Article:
You want the most bang for your marketing buck, whether you run your business from your couch or you have a staff in the triple digits.
Here’s the problem: if you’re not a marketer, you may not know what to prioritize.
The good news is that you already have several marketing channels at your disposal. Here are a few that should be the highest on your priority list.
1. Your Website
The first is one that you’re already intimately familiar with: your website.
A lot of businesses don’t think of their website as a marketing channel. Instead, they think of it as a kind of digital stand-in for YellowPages. But the truth is, your website is one of the most valuable marketing channels you have?
Why? Because your website is entirely under your control.
You get to decide every detail of your site, which means that you have a unique power to manage every aspect of your marketing message. Plus, your site allows you to reach a wider audience with minimal effort.
So if you’re not already analyzing and optimizing your site, now is the time to start. A tool like SEMRush can audit your site and give you an idea of where you could improve.
2. Your Blog
Blogs get more attention than websites because they’re a cornerstone of online content marketing. However, many business owners don’t know how to run their own blogs.
They just know that they need a blog, for some reason.
A blog is a huge benefit to your marketing effort. It helps drive traffic to your site (and convert that traffic into leads). It establishes your business as a subject-matter expert. It can even be used as an avenue to test marketing efforts on a small-scale before you launch them out into the wild.
The trick is knowing how to write for the web. Online visitors are notoriously impatient and often visit from their phones–they aren’t going to dedicate a huge swath of their time to read a blog post.
3. Your Email List
Emails don’t get as much attention these days as social media. That’s a real shame because email lists are one of your few remaining opportunities to directly engage with your customer, almost as if you’re writing an email to them personally.
Think about it.
When someone subscribes to your email list, they’ve agreed to receive direct communication from you. They’re excited about your product or service and they want to hear more about what you have to offer.
Why not take advantage of it?
That said, email marketing is an art and a science. You have to be just as deliberate as any other marketing effort.
A good place to start is to try to be as personalized as possible. Users like to feel that they’re directly engaging with you, so use your emails as a chance to foster that personal connection. But keep it short–email readers, like web surfers, have short attention spans. Get to the point and get to it fast so you can grab their attention.
4. Your Social Media
You didn’t really think you were going to make it through this post without any mention of social media, did you?
Love it or hate it, the fact is that social media is here to stay, and it has incredible marketing power. Over 3.2 billion people use social media globally, spending an average of two hours and 23 minutes per day, though the usage numbers are much higher among teenagers.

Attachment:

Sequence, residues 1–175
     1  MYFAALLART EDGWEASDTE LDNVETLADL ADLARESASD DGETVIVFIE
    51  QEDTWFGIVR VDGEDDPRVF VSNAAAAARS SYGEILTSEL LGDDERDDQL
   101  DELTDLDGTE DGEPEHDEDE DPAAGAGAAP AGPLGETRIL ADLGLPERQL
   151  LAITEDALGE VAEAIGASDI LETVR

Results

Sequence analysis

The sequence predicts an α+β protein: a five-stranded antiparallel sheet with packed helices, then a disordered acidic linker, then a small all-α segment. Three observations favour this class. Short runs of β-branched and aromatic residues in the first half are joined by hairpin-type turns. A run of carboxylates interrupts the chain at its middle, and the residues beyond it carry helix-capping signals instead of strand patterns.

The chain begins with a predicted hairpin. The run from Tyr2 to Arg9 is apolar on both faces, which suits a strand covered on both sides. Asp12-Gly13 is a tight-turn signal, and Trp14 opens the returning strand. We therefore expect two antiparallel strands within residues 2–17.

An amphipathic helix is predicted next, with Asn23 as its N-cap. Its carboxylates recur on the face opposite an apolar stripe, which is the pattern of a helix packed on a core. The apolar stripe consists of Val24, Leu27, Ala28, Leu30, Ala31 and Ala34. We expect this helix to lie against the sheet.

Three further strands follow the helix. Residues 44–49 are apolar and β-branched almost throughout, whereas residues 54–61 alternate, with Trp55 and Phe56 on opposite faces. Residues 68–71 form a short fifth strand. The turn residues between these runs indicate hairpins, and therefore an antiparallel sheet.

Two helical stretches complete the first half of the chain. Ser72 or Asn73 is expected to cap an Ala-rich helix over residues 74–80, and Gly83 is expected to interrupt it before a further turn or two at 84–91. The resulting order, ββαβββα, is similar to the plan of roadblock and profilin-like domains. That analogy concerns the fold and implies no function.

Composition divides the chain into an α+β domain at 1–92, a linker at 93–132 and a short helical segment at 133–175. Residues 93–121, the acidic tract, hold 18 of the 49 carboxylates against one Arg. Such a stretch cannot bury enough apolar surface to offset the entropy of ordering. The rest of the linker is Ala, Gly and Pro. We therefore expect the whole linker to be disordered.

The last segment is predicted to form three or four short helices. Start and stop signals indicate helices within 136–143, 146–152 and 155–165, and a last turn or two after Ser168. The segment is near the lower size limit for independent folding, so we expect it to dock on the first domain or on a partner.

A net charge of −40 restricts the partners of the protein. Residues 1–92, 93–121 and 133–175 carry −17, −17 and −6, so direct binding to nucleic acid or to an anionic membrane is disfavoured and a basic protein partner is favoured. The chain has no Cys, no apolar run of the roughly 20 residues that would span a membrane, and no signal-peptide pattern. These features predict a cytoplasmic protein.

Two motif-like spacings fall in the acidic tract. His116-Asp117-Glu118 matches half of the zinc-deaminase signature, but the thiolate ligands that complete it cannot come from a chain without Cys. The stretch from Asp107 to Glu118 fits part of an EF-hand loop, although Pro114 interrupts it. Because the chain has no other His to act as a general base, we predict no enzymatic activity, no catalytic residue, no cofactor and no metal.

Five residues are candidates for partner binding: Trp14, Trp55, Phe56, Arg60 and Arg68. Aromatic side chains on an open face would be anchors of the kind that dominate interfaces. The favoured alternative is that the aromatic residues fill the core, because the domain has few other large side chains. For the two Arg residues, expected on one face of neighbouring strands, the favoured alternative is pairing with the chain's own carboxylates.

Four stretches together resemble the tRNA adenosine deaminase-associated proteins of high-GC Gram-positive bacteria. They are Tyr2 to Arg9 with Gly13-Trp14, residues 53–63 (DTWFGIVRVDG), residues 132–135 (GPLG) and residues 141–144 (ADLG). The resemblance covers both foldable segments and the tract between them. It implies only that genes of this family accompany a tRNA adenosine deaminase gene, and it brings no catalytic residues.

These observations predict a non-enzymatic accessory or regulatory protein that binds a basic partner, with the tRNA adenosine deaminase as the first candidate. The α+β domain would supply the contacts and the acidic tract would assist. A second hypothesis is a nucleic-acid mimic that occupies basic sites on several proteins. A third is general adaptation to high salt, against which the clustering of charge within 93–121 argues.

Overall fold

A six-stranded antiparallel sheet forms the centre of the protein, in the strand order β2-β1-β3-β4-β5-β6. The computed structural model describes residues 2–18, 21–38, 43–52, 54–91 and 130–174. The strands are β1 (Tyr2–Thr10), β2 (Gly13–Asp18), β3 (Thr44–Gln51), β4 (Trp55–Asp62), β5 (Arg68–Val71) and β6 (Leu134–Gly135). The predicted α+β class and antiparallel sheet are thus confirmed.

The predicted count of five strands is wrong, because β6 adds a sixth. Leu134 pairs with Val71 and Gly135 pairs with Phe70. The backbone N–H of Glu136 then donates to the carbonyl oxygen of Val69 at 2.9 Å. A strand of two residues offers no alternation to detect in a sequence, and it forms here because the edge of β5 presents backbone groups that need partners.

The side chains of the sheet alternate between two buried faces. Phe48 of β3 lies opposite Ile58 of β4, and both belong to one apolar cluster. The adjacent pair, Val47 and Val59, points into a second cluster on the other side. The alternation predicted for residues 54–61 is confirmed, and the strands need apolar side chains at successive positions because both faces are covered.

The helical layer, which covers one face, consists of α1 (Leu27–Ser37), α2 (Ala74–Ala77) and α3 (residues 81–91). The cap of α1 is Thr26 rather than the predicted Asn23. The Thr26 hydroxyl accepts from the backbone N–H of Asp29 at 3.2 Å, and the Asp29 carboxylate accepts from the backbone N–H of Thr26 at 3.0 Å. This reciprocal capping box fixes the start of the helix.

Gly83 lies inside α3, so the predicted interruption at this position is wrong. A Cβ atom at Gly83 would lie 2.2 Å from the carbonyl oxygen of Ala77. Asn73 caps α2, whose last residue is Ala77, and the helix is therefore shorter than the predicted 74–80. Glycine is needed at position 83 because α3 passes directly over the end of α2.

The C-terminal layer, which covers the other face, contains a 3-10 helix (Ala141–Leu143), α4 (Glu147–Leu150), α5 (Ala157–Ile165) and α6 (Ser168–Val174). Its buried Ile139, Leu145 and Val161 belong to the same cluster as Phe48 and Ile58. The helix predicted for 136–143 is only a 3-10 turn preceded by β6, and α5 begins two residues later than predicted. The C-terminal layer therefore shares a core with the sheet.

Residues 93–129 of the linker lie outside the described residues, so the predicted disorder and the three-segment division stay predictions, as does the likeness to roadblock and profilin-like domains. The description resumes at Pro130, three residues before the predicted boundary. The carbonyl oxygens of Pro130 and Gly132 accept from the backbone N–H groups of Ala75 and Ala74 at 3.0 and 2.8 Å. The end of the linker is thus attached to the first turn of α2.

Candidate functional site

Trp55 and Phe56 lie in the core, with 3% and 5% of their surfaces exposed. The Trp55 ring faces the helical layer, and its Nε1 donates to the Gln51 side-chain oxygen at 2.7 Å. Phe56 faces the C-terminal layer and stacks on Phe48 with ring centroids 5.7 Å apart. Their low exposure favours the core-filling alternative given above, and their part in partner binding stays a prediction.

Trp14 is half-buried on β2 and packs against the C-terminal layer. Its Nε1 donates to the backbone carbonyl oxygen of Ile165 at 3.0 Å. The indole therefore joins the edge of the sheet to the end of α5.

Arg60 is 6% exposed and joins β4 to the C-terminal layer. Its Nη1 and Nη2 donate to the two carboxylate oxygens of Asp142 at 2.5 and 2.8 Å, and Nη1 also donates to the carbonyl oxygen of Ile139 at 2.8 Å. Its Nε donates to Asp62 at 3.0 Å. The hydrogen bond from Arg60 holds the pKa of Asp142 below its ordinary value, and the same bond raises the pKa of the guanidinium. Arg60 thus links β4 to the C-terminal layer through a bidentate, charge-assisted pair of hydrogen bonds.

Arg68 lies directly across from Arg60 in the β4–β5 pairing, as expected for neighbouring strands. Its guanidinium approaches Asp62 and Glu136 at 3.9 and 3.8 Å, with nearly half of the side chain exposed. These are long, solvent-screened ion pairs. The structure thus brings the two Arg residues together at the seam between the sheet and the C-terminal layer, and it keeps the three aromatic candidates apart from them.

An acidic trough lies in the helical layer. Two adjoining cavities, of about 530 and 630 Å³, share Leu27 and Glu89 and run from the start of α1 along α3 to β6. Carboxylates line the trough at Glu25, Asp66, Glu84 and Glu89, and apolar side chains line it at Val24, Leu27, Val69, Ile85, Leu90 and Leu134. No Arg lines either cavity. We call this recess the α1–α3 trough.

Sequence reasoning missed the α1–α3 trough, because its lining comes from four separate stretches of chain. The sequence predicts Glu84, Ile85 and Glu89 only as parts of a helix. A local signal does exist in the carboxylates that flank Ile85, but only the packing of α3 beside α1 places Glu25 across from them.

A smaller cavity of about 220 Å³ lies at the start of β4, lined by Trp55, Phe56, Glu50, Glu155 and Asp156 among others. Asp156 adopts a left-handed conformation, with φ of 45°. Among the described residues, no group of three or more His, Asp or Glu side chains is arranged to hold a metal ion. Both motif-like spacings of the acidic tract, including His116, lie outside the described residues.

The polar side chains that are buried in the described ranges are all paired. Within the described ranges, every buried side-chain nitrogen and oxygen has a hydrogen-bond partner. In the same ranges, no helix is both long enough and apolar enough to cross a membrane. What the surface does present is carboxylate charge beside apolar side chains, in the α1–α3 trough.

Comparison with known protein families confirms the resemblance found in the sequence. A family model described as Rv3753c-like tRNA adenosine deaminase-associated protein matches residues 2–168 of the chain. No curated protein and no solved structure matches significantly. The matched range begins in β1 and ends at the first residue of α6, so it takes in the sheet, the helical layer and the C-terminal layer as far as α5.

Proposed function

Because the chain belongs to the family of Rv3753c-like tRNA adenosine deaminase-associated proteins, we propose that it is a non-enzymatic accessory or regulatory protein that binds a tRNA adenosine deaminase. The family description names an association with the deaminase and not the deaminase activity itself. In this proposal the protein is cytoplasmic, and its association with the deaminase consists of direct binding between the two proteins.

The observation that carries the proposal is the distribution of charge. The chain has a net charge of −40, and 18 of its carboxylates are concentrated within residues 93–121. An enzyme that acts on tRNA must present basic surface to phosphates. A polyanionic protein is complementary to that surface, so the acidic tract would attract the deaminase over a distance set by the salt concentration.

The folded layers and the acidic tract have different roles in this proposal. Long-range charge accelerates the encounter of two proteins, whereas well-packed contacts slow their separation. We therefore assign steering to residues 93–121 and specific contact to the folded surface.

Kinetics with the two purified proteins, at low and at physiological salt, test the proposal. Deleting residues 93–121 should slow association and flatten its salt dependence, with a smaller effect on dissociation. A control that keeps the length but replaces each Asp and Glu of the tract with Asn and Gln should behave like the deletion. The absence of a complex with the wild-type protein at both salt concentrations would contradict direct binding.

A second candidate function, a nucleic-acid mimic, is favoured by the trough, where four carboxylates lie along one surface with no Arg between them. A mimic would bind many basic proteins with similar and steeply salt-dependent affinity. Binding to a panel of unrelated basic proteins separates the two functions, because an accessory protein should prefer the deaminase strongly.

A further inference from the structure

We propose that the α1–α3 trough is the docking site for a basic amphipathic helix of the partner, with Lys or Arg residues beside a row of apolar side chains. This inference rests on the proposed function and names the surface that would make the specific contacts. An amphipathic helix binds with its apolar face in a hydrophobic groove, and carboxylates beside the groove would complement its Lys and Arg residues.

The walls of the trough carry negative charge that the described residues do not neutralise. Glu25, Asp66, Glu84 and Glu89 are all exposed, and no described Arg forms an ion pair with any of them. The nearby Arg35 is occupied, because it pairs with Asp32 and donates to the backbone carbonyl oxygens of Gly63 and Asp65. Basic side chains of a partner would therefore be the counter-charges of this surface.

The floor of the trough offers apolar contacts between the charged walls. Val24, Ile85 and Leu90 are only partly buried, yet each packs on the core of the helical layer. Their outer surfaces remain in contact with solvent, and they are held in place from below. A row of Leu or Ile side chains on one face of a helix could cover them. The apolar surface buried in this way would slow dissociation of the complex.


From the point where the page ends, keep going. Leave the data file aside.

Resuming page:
Better still for businesses, 95% of young people follow at least one brand on social media.
Users are going online for information, and they’re going online to buy. Marketing your brand through social media is a way to directly interact with this audience.
You can show them your brand personality. You can build trust. You can connect with them to build their confidence. You can showcase your business’s values that align with your customers.
So, why aren’t you using social media yet?
5. Content Marketing
Content marketing isn’t a marketing channel so much as a technique, but it informs every other marketing channel you use.
Content marketing is a technique focused on distributing high-value content to your customers. This content should be relevant to your customers and should be delivered consistently.
This is different than traditional pitching seen in old-school marketing. You’re not selling something, at least not overtly. Instead, you’re addressing real problems that a customer has (and subtly offering your product or service as a solution to those problems).
Search engine optimization, or SEO, is the art and science of getting your business noticed by search engines.
Search engines are used to answer questions for consumers. Basically, they’re a tool that allows customers to find the most relevant solution to their problem without needing to know a specific website URL.
But in order to present the best possible search results from the whole Internet, search engines have to index sites so that they know what sites are relevant to specific searches. This is where SEO comes into play.
Since search engines don’t read a site like a human, you have to give them certain clues to know what’s happening on your site. SEO is basically your way of waving a neon flag for search engines to find.
It’s an incredibly complicated process and it evolves every day. Here’s the good news: you can use a lot of the same basic SEO principles on multiple marketing channels.
First and foremost, good SEO relies on good content. From there, you can learn how to optimize your content so that users can find it.
Strengthening Your Marketing Channels Every Day
Your marketing channels are about so much more than selling something. They’re a way to build a real connection with your customers and show your business value.
Of course, sales are still a cornerstone of marketing. And if you want to make sales, you have to manage your channels successfully. That’s where we come in.
We offer the tools you need to effectively manage your marketing channels all in one place. That way, you can stop fighting with your system and focus on what matters: converting leads.
Ready to get started? Click here to learn more.